Positions for sale: How much to become a governmental official? 

Positions for sale: How much to become a governmental official?

There is a special category of corruption crimes that almost always remain unpunished. They are committed by so-called ‘kingmakers’ or ‘fixers’ selling positions in governmental institutions, enforcement structures, and large companies. Bitter struggle is raging in quiet ministerial and departmental offices for sinecures and ‘gravy trains’ allowing to receive good bribes. Upon purchasing the desired position, the civil servant starts using various corruption schemes to compensate the incurred costs. Obviously, the public and state interests are the last thing he is concerned about.

Everything is bought and sold

Such machinations are rarely detected by law enforcement authorities because all parties to the deal are happy: the seller gets good money, while the buyer – powers that can be used at his own discretion. No one is willing to show off such a deal.

In the recent years, brokage became a common practice in many governmental structures. Wherever duties of officials can generate illegal profits, fat jobs are sold out like hot cakes – be it a chair in a district administration or a high post in a federal ministry. Demand always creates supply.

There are plenty of semi-criminal businessmen in Russia willing to invest considerable money into a chair in a governmental structure – that not only allows to make illegal profits, but also brings numerous privileges available only to officials. Very often an oligarch – the main beneficiary – remains in the shadow, while the important chair is occupied by his henchman – a trusted aide who does not make any decisions and only creates an illusion of work. Of course, all the financial flows stay under control of the real master.

Media normally learn about such type of swindling when positions are sold by adventurous persons who, in fact, have no relation to staff appointment mechanisms in governmental structures. The defrauded purchasers address law enforcement authorities in a hope to return millions of rubles paid to the scammers. The number of such machinations grows every year because people are willing to pay really big money for prestigious positions.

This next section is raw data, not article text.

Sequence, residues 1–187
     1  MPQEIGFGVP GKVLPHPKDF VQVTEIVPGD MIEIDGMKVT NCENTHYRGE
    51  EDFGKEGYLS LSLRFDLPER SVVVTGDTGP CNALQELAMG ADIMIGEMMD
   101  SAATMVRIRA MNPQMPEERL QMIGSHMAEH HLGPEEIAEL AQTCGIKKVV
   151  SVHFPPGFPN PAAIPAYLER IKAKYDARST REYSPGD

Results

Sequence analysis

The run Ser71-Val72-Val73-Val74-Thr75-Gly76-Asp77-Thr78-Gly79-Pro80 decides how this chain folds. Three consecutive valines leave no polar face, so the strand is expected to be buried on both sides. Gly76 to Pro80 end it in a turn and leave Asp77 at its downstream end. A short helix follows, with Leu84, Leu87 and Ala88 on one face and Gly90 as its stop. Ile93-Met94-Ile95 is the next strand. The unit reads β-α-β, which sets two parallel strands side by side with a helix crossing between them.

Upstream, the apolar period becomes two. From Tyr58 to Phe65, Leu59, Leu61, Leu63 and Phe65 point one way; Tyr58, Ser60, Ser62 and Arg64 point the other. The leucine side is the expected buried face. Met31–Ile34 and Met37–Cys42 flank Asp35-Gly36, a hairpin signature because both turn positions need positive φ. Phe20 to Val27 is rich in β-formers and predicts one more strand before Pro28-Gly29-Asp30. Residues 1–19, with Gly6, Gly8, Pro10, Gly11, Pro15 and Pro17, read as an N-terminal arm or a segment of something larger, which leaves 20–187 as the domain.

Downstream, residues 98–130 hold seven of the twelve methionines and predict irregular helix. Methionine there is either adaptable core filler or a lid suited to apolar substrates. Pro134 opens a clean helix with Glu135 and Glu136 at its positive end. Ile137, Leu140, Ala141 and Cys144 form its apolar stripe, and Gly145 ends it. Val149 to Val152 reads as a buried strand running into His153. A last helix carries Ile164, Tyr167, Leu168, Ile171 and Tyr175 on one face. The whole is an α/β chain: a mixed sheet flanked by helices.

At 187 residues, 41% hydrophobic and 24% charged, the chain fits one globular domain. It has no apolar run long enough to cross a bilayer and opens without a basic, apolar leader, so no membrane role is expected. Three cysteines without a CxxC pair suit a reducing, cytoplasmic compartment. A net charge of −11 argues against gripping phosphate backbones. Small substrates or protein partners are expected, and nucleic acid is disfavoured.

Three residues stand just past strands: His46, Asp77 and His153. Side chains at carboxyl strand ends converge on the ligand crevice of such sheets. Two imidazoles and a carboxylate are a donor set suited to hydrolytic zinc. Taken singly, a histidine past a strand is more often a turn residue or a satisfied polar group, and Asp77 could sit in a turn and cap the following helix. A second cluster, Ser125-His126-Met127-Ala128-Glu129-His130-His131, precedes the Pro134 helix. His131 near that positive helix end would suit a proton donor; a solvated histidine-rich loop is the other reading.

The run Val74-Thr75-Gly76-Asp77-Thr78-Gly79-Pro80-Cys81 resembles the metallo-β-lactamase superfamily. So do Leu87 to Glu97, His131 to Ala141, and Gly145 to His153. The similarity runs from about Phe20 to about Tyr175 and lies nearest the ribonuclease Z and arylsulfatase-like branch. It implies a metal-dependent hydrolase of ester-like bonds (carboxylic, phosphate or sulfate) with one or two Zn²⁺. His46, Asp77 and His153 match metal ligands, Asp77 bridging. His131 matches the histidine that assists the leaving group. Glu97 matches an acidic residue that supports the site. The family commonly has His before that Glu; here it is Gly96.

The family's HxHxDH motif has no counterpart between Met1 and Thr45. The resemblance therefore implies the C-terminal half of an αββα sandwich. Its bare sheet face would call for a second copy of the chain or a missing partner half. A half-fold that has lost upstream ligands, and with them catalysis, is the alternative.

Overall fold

The fake fixers exploit the firm belief of businessmen that money can resolve any issue with state bureaucrats. The unscrupulous scammers take advantage of the secrecy surrounding administrative structures and inability of perspective buyers to verify whether the promised appointment is real or not. The fraudsters meet with their victims in expensive restaurants, show fake service ID’s and other attributes of power. They arrive on luxury cars with governmental license plates, pretend to take phone calls from influential officials, complain on work load…

Businessmen, who understand very well that staffing issues in many governmental agencies are resolved by money, lose their cautiousness and take the bait.

Post in district administration for mullion rubles

The real kingmakers rarely attract attention of law enforcement authorities. Normally, police and special services catch not true fixers, but fraudsters pretending to be them. Files of arrested law enforcement officers often have a note: “Had no real possibility to affect the matter”.